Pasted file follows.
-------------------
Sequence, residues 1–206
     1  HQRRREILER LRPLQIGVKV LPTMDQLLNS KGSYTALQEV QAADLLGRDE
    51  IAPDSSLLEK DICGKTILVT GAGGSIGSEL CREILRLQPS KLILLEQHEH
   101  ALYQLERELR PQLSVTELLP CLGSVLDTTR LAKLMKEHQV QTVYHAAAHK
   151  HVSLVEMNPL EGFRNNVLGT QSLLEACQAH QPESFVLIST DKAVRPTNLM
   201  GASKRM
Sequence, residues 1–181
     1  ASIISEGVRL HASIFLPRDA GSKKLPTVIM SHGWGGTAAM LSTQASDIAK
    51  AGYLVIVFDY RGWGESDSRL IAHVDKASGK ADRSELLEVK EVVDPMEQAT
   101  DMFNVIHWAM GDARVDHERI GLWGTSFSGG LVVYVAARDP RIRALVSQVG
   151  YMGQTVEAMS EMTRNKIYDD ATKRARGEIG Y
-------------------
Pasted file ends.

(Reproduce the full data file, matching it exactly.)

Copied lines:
Sequence, residues 1–206
     1  HQRRREILER LRPLQIGVKV LPTMDQLLNS KGSYTALQEV QAADLLGRDE
    51  IAPDSSLLEK DICGKTILVT GAGGSIGSEL CREILRLQPS KLILLEQHEH
   101  ALYQLERELR PQLSVTELLP CLGSVLDTTR LAKLMKEHQV QTVYHAAAHK
   151  HVSLVEMNPL EGFRNNVLGT QSLLEACQAH QPESFVLIST DKAVRPTNLM
   201  GASKRM
Sequence, residues 1–181
     1  ASIISEGVRL HASIFLPRDA GSKKLPTVIM SHGWGGTAAM LSTQASDIAK
    51  AGYLVIVFDY RGWGESDSRL IAHVDKASGK ADRSELLEVK EVVDPMEQAT
   101  DMFNVIHWAM GDARVDHERI GLWGTSFSGG LVVYVAARDP RIRALVSQVG
   151  YMGQTVEAMS EMTRNKIYDD ATKRARGEIG Y